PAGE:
While the U.S. has been floundering a bit with its copyright law, the British government has just announced its plans to reform and update its own. Its certainly not the most important issue facing the U.S. government right now, but it was a platform during President Obama's campaign and remains a hot topic. The British version has a few key features we'd like to see implemented here in the U.S., including some exceptions and language updates.
One of the biggest pieces outlined in the British proposal is the decision to scrap the idea of web-blocking sites that contain illegal material or links to it. The U.S. has dedicated substantial time and effort into its own plans to do the same, but the framework and infrastructure to do so is not cost effective. We'd guess the U.S. would be wasting just as much money as the U.K. and it could be invested in other forms of protection that are more long-lasting.
The British are also introducing a system of Digital Copyright Exchange that would make selling licenses easier for rights holders -- a feature we'd like to see the U.S. government utilize to not only ensure artists get paid, but to make sure the hundreds of new music provider startups that seem to popping up each day don't have to jump through hoops in order to do so.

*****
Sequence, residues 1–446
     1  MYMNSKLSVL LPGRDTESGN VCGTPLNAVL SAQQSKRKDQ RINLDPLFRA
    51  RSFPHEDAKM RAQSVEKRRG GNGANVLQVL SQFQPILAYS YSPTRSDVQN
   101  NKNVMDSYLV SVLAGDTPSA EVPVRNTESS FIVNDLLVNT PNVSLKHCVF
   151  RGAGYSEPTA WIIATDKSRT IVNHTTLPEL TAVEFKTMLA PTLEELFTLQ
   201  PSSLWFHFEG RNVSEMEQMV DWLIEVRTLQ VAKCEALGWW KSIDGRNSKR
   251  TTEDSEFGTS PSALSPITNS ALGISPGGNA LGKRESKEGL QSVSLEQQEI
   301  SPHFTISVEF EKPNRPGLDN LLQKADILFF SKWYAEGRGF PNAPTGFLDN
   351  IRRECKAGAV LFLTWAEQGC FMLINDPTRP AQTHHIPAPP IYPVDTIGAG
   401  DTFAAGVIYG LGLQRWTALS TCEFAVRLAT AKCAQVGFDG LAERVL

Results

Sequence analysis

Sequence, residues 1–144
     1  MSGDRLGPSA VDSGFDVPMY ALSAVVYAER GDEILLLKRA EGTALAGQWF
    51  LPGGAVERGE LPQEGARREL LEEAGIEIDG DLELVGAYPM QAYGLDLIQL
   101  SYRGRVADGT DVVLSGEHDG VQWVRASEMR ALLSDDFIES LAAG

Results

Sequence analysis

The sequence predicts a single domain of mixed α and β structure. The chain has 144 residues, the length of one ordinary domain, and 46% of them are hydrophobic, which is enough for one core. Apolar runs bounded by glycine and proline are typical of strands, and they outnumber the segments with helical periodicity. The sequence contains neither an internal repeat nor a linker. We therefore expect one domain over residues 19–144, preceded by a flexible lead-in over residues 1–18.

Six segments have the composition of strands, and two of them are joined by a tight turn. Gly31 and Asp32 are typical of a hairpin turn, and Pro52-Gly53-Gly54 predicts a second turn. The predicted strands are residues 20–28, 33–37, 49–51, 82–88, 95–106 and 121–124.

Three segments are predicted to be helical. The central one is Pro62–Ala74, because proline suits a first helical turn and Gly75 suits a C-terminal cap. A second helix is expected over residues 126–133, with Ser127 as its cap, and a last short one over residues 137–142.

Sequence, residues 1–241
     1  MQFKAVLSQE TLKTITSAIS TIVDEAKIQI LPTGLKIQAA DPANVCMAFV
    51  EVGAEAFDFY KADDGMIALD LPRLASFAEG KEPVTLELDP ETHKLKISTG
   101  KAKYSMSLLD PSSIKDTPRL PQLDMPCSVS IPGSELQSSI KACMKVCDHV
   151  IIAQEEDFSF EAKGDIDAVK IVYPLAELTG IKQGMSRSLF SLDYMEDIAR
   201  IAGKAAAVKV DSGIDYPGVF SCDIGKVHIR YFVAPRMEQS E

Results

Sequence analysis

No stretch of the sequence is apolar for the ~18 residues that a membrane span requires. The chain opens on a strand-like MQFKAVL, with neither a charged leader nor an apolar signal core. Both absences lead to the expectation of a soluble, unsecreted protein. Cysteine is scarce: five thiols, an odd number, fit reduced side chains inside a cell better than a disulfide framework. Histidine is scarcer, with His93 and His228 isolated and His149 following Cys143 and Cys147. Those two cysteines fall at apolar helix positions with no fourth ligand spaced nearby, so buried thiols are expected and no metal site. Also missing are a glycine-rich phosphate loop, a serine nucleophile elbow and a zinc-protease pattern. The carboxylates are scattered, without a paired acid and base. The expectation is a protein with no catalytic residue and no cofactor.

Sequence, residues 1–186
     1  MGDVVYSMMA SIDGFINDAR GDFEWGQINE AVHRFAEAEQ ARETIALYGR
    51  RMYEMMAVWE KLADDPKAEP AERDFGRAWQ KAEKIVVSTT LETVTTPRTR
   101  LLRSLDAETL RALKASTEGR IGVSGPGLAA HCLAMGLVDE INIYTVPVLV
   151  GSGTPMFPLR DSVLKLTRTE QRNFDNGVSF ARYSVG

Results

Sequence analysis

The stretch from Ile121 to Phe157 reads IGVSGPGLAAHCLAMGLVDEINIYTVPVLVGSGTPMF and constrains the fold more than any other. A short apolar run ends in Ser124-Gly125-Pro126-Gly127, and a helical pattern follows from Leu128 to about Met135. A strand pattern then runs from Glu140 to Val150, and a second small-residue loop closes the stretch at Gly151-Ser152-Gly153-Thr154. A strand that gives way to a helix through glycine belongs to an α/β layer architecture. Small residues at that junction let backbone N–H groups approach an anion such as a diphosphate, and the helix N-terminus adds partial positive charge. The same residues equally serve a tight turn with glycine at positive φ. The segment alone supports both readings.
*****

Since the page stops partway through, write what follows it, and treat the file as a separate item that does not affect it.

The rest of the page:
They've also decided to legalize the act of "format shifting," which means you can now legally retain the license to music you change file formats of, including putting it in an online storage locker, cloud, CD or alternative format. It is legal in the U.S. to rip a CD, but we'd like to see the language updated to include all devices as well, just for to be safe.
They're streamlining the process to obtain licenses for orphan works. This is a huge problem with music in the U.S. as a big chunk of early American works are lost to unknown copyright holders due to the Copyright Act of 1976. We'd like to see these orphan works qualify as public domain or at the very least, resurface online somehow. Since many pre-1976 works are covered under the copyright law of the county they were recorded in and not on a national level, too much of this country's history is lost to copyright as it stands.
While they have a solid set of ideas we can possibly use here, that doesn't mean it's all good news. Internet service providers in the U.S. recently agreed to a six-strikes rule against pirates, the U.K. is taking things a bit more seriously. Beginning in the second half of 2012, infringers will be notified if their account has been linked to an illegal access of copyrighted material, and if they want to fight the claim, they'll have to pay a fee. We'd prefer the six-strikes rule, as one doesn't seem to offer an leniency in open networks or accidents. Still, no prosecution has been mentioned yet, just an angry worded letter.
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